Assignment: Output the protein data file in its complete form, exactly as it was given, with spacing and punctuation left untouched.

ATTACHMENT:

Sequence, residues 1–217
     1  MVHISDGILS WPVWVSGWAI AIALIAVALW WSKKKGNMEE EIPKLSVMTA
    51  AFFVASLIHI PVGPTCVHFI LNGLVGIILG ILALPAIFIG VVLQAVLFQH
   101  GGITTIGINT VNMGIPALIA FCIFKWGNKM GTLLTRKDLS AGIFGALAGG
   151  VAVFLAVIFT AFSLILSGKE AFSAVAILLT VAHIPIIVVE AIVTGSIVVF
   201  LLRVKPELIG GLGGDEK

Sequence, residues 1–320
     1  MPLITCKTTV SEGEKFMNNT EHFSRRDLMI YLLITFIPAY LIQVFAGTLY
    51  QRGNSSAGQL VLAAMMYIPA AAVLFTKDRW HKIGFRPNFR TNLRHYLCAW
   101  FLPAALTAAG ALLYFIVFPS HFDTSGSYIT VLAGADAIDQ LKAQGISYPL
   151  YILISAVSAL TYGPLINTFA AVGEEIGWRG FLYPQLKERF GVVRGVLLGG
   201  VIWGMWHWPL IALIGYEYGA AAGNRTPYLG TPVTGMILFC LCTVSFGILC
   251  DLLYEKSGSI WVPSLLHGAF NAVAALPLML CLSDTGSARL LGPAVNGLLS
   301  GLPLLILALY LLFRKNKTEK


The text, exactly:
Sequence, residues 1–217
     1  MVHISDGILS WPVWVSGWAI AIALIAVALW WSKKKGNMEE EIPKLSVMTA
    51  AFFVASLIHI PVGPTCVHFI LNGLVGIILG ILALPAIFIG VVLQAVLFQH
   101  GGITTIGINT VNMGIPALIA FCIFKWGNKM GTLLTRKDLS AGIFGALAGG
   151  VAVFLAVIFT AFSLILSGKE AFSAVAILLT VAHIPIIVVE AIVTGSIVVF
   201  LLRVKPELIG GLGGDEK

Sequence, residues 1–320
     1  MPLITCKTTV SEGEKFMNNT EHFSRRDLMI YLLITFIPAY LIQVFAGTLY
    51  QRGNSSAGQL VLAAMMYIPA AAVLFTKDRW HKIGFRPNFR TNLRHYLCAW
   101  FLPAALTAAG ALLYFIVFPS HFDTSGSYIT VLAGADAIDQ LKAQGISYPL
   151  YILISAVSAL TYGPLINTFA AVGEEIGWRG FLYPQLKERF GVVRGVLLGG
   201  VIWGMWHWPL IALIGYEYGA AAGNRTPYLG TPVTGMILFC LCTVSFGILC
   251  DLLYEKSGSI WVPSLLHGAF NAVAALPLML CLSDTGSARL LGPAVNGLLS
   301  GLPLLILALY LLFRKNKTEK